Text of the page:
written by: Liam Watts
I love mysteries, and I love questions. I love the feeling of hunting down answers, turning the pieces over in my mind and trying to put it all together, the feeling of a chase. If I’m being honest, though, it’s not just because I love the thrill of discovery, but also because I love being right. I hope some of you can relate. Now, what I’ve learned while pondering mysteries and questions is that not all elusive questions are created equally elusive. In fact, the more time I’ve spent examining mysteries, the more I’ve learned that some of them are actively fighting to remain mysterious. Recently, I read the first book of Jeff VanderMeer’s Southern Reach Trilogy, Annihilation, and this is exactly the kind of mystery at the heart of the story. Think of it like an onion. Peeling each layer reveals more of the whole, but rather than reaching an inevitable center, after peeling enough layers one eventually just destroys the onion. It’s almost as if the act of trying to uncover the answer to the question only causes it to slip further into obfuscation.
I’ll say right off the bat that Annihilation won’t appeal to everyone. First, it’s a fusion of multiple genres: equal parts mystery, fantasy, sci-fi, thriller, and travelogue. Secondly, it is incredibly strange. For example, over the course of the story we never learn anyone’s name, it often shifts dramatically in perspective and time, and nothing really makes sense until the end… sort of. This book has been getting a ton of attention recently because it was adapted into a movie by the same name, but the movie is quite different as it draws material from all three books in the trilogy. Still, if you’re willing to stick with it, there’s a ton of intriguing nuggets to unearth here, and it will remain with you for a while.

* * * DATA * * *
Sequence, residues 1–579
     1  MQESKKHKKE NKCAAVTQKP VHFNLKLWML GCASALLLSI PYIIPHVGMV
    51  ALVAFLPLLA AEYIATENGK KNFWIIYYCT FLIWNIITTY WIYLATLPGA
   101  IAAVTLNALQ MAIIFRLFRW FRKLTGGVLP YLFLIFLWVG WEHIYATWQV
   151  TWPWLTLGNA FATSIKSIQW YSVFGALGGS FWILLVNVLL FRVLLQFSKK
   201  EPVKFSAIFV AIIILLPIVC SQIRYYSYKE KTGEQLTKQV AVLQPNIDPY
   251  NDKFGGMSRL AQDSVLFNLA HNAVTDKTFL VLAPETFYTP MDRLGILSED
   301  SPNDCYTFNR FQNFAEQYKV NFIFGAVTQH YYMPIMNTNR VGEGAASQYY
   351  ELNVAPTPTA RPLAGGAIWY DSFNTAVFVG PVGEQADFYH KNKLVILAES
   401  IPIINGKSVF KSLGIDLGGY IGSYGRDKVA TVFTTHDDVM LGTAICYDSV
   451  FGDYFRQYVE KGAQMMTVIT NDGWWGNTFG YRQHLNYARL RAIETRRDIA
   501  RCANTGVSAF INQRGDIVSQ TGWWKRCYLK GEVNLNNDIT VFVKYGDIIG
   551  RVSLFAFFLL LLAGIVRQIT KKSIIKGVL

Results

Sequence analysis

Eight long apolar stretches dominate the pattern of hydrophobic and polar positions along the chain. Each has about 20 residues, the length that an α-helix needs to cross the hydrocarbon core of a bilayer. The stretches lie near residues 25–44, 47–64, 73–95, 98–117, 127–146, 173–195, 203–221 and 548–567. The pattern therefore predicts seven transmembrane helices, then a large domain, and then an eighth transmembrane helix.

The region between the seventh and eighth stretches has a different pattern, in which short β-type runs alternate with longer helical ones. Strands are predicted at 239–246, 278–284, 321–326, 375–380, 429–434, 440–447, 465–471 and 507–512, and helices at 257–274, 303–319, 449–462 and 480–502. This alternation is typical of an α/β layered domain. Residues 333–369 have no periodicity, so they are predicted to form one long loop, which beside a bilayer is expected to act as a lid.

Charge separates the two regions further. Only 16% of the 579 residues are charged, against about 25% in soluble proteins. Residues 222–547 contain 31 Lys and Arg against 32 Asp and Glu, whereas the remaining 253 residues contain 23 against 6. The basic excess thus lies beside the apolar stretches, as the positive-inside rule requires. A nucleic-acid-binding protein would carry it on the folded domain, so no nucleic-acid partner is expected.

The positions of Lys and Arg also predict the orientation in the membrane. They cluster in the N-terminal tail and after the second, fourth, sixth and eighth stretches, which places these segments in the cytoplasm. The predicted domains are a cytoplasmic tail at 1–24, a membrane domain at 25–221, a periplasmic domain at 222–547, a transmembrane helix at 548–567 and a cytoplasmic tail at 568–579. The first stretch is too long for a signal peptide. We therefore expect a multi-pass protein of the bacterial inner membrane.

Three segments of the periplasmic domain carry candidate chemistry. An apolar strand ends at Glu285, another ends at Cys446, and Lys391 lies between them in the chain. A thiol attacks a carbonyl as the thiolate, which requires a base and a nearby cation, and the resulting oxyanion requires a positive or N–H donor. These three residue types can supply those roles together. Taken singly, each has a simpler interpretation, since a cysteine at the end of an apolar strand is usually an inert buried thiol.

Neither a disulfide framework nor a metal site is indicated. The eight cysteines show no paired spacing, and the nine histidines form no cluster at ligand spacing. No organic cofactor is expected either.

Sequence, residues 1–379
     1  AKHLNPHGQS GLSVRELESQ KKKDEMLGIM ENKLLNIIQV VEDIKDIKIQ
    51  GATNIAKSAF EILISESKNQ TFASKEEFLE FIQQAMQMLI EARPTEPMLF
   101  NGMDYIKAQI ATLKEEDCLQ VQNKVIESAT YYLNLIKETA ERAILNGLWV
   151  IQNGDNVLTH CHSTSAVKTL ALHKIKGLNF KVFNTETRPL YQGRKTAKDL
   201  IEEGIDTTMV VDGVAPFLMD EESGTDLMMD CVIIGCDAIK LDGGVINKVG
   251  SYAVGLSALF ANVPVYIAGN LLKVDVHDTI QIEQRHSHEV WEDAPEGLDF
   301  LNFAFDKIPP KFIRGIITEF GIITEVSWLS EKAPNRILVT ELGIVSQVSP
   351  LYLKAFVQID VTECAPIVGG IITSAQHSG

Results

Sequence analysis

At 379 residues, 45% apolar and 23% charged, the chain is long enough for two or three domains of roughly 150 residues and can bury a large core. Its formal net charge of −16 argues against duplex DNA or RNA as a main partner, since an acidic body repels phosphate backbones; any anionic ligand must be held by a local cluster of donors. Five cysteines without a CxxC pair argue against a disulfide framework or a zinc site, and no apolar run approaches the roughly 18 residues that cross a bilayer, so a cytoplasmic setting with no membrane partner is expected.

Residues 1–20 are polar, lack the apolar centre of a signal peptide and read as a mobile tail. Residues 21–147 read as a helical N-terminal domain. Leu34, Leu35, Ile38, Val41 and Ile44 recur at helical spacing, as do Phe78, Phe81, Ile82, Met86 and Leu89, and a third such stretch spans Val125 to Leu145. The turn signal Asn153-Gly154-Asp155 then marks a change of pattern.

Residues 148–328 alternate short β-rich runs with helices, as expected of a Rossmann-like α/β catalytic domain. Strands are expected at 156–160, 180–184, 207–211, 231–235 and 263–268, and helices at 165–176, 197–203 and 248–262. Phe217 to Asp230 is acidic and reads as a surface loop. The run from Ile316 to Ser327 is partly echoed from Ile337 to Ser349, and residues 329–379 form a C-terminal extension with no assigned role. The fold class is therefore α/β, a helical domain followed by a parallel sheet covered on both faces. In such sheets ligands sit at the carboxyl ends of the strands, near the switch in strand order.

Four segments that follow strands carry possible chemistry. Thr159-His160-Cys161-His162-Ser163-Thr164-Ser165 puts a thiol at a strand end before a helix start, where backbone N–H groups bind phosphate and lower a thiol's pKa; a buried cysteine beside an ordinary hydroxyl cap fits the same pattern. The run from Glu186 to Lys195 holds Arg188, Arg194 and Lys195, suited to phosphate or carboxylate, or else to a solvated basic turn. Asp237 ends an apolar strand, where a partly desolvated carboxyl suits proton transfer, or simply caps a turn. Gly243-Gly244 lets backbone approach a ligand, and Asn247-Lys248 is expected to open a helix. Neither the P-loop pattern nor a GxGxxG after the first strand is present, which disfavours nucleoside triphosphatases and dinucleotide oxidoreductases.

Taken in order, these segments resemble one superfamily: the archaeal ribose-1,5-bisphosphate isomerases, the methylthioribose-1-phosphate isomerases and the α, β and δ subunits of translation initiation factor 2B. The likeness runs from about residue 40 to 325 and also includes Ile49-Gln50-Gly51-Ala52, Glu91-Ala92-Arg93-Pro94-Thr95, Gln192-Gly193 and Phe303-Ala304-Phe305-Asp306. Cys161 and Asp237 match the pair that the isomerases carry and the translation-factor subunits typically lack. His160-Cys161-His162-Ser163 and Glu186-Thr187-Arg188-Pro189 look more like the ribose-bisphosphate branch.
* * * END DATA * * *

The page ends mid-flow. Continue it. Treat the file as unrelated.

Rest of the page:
Like everything else about the book itself, describing Annihilation is a bit confusing. To explain it simply, what you’re reading is the journal of a biologist, who along with her team, is sent to investigate Area X. Area X is an ever-expanding boundary that threatens to eventually overtake the entire world. No one is sure what Area X is, or who created it. The only thing anyone has learned is that inside the boundary, nature, and life itself, is no longer exactly how it used to be. Everything is in a process of changing. And, that’s about it, or at least that’s all I’m willing to say. To tell you any more would be robbing you of the chance to peel this delightful onion for yourself.
What I really loved about Annihilation is that I’ve been thinking about it ever since I first picked it up. In fact, I couldn’t even put it down the first time I read it, tearing through the book in a single afternoon. In my opinion, both of these are hallmarks of good literature. It’s not just something you read and forget about, for it becomes something to think over, to talk about, and to question. That is why I enjoyed this book so much and want to recommend it to you. Annihilation is a mystery to chase and a question to ponder; that is why I give it a hearty five out of five onions for excellence.